I also designed a greeting card featuring this beauty, with a Haldane reference:


Card, print & posters available in my store!  Click the image to be magically whisked away!


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One more day to go for Beetle Week!


Day 1: The Challenge of Scientific Illustration
Day 2: Painting Bugs with ArtRage Studio Pro
Day 3: Being a Freelancing Dad
Day 4: Animated Painting of Trachys
Day 5: The Exhibit 

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Original artwork on The Flying Trilobite © to Glendon Mellow
under Creative Commons Licence.

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Find me on Symbiartic, the art+science blog on the Scientific American Blog Network!




Firing up the Trilobite Boy Tumblr once again



In preparation for new Trilobite Boy stories and art coming this summer, I've started posting on the Trilobite Boy Tumblr again. And watch for fresh merchy-merch!



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Original artwork on The Flying Trilobite © to Glendon Mellow
under Creative Commons Licence.

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Find me on Symbiartic, the art+science blog on the Scientific American Blog Network!

iPhone & iPod Case Sale - Darwin, Trilobite and Trilobite Boy



My online store is having a sale on iPhone and iPod cases.

RedBubble, who produces my prints, cards, shirts, stickers, calendars and iPhone cases has also expanded the line. Now, you can get cases for iPhone 4, 4S, 3GS and iPod Touch 4GS and 3GS.  Each is available either in a single piece clip-on Deflector style, or 2-piece slide-on Capsule style case.
Click here for Darwin Took Steps

Click here for Goldeneye Trilobite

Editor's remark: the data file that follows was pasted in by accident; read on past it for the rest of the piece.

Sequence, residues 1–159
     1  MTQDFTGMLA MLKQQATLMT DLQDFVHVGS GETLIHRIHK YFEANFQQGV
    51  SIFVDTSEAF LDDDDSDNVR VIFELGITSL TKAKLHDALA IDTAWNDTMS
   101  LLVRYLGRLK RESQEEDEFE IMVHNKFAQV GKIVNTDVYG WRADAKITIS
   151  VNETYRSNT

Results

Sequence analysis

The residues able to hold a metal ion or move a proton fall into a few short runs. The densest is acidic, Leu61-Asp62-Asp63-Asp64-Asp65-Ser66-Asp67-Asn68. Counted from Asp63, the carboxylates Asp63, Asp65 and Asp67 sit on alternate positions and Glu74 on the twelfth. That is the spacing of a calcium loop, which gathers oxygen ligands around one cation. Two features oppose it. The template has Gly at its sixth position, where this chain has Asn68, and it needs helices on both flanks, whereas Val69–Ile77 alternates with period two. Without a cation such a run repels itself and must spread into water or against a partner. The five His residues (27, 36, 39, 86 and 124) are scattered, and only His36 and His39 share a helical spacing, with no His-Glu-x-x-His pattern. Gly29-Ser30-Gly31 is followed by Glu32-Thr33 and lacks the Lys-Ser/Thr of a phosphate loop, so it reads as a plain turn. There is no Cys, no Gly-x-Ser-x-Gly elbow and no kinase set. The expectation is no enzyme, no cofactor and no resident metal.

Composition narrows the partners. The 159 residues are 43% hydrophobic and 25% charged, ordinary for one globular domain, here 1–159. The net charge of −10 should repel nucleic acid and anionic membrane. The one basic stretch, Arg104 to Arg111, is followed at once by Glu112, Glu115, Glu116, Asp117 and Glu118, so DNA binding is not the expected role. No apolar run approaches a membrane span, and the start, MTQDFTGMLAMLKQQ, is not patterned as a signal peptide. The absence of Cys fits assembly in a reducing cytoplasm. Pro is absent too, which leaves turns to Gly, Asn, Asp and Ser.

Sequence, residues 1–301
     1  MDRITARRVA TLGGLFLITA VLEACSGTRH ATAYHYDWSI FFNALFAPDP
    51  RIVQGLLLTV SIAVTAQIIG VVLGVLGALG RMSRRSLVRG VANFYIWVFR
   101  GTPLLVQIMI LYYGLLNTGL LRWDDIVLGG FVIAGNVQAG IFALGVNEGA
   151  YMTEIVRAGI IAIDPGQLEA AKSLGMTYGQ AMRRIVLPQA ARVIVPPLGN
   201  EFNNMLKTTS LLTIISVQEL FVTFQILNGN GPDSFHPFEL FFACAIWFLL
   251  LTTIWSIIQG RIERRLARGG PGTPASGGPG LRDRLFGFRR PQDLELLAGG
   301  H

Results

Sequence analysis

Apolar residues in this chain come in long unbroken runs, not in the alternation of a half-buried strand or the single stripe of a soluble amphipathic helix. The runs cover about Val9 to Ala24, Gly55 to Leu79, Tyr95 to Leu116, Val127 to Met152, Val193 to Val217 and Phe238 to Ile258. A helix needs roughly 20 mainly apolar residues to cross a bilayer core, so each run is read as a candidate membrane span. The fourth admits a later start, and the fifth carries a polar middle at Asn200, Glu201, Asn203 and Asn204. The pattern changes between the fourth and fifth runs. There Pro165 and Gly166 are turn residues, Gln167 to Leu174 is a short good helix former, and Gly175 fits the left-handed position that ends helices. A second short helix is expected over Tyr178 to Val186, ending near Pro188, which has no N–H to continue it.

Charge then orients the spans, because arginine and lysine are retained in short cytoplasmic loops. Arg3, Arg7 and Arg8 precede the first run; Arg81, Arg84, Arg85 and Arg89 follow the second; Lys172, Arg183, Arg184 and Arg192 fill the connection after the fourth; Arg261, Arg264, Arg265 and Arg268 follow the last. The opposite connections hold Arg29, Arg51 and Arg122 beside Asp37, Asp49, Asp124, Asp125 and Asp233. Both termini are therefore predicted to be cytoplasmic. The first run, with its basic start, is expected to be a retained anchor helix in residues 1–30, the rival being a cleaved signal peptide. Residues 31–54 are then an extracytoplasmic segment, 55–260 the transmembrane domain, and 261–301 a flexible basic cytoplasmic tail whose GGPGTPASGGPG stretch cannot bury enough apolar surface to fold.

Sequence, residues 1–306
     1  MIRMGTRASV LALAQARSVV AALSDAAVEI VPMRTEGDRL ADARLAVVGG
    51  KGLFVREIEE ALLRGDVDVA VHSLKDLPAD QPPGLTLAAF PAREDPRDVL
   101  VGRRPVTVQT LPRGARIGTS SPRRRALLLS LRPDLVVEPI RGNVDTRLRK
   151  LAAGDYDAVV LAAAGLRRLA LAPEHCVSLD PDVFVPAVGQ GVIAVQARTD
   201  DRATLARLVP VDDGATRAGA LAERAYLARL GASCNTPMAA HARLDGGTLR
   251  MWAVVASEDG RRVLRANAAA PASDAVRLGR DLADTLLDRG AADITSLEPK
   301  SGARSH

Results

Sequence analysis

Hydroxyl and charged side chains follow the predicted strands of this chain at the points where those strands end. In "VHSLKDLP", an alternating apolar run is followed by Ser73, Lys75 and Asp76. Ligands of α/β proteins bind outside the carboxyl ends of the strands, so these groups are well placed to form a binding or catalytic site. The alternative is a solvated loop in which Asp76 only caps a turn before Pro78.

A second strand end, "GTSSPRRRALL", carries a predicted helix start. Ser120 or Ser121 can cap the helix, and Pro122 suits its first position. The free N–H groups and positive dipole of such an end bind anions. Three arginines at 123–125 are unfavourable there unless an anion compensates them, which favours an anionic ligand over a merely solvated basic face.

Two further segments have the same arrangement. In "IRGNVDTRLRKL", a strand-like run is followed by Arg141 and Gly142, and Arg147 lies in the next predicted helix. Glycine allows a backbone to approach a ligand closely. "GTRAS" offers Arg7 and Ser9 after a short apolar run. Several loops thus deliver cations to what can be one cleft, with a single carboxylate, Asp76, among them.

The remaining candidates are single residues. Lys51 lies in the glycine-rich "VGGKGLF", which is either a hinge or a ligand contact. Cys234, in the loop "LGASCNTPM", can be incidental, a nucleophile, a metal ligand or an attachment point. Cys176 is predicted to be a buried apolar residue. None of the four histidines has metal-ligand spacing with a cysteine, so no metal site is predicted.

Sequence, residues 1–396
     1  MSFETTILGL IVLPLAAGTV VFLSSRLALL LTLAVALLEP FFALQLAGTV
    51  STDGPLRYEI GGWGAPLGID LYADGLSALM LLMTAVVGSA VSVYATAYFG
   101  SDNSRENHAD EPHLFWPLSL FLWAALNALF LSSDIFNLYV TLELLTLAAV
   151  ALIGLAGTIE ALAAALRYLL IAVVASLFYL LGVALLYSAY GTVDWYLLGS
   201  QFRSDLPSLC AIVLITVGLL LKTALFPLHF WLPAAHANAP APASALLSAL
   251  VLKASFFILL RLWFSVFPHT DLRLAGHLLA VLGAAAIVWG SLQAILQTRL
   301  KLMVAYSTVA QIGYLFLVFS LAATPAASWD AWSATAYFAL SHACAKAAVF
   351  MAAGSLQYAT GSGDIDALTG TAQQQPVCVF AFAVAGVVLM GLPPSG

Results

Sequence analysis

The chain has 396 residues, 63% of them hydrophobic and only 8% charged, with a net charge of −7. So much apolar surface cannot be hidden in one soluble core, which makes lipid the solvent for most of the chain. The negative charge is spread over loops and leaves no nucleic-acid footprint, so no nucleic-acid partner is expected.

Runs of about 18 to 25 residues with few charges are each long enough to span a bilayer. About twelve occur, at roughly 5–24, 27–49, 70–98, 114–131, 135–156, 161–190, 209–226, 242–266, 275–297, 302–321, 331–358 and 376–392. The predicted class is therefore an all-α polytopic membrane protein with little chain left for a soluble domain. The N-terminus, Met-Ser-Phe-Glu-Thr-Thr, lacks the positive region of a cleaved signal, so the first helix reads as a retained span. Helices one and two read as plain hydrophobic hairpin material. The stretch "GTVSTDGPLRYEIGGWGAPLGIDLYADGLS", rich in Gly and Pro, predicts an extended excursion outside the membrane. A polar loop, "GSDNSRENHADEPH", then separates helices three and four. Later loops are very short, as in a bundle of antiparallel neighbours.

Click here for Trilobite Boy Sk8

And use code CAPSULE15 at checkout to get 15% off.
Only until December 15th!

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Original artwork on The Flying Trilobite Copyright to Glendon Mellow
under Creative Commons Licence.

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--> Find me on Symbiartic, the art+science blog on the new Scientific American Blog Network!

Science-Art Geek iPhone 4 cases!


Available now, in my print shop at RedBubble.

Here's some specs from RedBubble themselves:

Uncommon spent months in the desert inventing a revolutionary and top secret printing process called TATT™, which embeds the design into the case—so no fading or peeling, ever. It all sounds a bit space age really, which we quite like.
Our cases were made specifically for the iPhone 4S & 4, ensuring that all of your bits, pieces and functions line up where they should. Plus, Uncommon cases are chosen by Apple for sale in Apple Stores. Seal of approval right there.

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In addition to selling these designs on an ongoing basis, I'm also looking for someone to finance a few as prizes for ScienceOnline12 ! Please email me at theflyingtrilobite at gmail dot com if interested. 
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Original artwork on The Flying Trilobite Copyright to Glendon Mellow
under Creative Commons Licence.